House eyes Cha-cha passage March 24 | Inquirer News

House eyes Cha-cha passage March 24

/ 05:34 AM February 27, 2021

The House of Representatives plans to pass on final reading by March 24 proposed amendments to economic provisions in the Constitution although the Senate has not even resumed committee hearings that were last held in January.

House constitutional amendments committee chair and Ako Bicol Rep. Alfredo Garbin Jr. said this was the timeline set by Speaker Lord Allan Velasco on Resolution of Both Houses No. 2.

The resolution proposes the insertion on the phrase “unless otherwise provided by law” in certain articles of the Constitution that will allow Congress to change the letter and intent of the law.


The measure also proposes that both the House and the Senate vote separately on the economic amendments to the Constitution. A vote of at least three-fourths of the total membership of each chamber is needed for the measure to hurdle Congress.


But the Senate will still have to concur with the proposal and senators have repeatedly aired their reluctance to amend the Constitution at a time when the nation should focus on solutions to the new coronavirus pandemic that has so far killed more than 12,000 Filipinos.

Even among congressmen, there has been growing criticism of the House’s preoccupation with amending the Constitution while the world is battling the COVID-19 pandemic and the Philippines does not even have a supply of vaccines, which are in short supply.

The House’s Makabayan bloc on Friday vowed to oppose efforts to amend the Constitution, arguing that Filipinos direly need vaccines and financial aid.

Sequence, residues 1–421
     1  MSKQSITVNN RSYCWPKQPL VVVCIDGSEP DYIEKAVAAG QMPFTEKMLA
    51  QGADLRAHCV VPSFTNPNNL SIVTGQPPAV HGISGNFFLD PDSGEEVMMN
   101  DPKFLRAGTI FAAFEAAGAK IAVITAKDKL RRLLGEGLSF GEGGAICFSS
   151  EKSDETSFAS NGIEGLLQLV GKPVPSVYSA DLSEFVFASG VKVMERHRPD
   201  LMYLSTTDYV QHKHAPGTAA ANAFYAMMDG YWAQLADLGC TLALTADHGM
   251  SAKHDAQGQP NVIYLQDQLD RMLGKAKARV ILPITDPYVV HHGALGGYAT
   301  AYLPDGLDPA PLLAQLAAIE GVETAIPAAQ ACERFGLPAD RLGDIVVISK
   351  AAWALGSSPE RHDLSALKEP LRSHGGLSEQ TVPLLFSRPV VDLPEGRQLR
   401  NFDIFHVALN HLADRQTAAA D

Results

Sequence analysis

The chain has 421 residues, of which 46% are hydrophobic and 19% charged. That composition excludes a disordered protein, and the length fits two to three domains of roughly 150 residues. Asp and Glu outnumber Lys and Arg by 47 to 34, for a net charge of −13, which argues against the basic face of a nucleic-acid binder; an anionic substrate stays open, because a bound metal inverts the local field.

“They should address the pandemic and the people’s health through vaccine procurement, not constitutional amendments and holding on to power,” said Bayan Muna Rep. Ferdinand Gaite.

‘Wrong solution’

At an online press briefing, Gaite maintained that removing the nationalist provisions in the Charter is the “wrong solution.”

“What we need is a nationalist solution. Develop our local economy by helping our micro, small and medium enterprises instead of relying on unstable foreign direct investments (FDIs) that come and go especially during crisis,” he said.


This can be achieved by pouring in more support for micro, small and medium enterprises and the agriculture sector, instead of depending on foreign direct investments to generate more jobs for Filipinos.

“Economic data shows that even with more FDIs in the country, we have not maximized its potential because it does not consider national development. Foreign capital just comes and goes, our workers are exploited,” Gaite said.

Bayan Muna Rep. Eufemia Cullamat warned that indigenous peoples might lose their rights over their ancestral lands if more foreign businesses are allowed to set up shop here.

Your subscription could not be saved. Please try again.
Your subscription has been successful.

Subscribe to our daily newsletter

By providing an email address. I agree to the Terms of Use and acknowledge that I have read the Privacy Policy.

“We might lose protections afforded to Filipinos that are guaranteed under the Constitution now. We should not be preoccupied with the interests of a few and of foreigners amid this crisis. They should first address the needs of the people, like aid, a free and safe vaccine, and not Charter change (Cha-cha),” she added.

TAGS: Cha-cha, Constitution

© Copyright 1997-2024 | All Rights Reserved

We use cookies to ensure you get the best experience on our website. By continuing, you are agreeing to our use of cookies. To find out more, please click this link.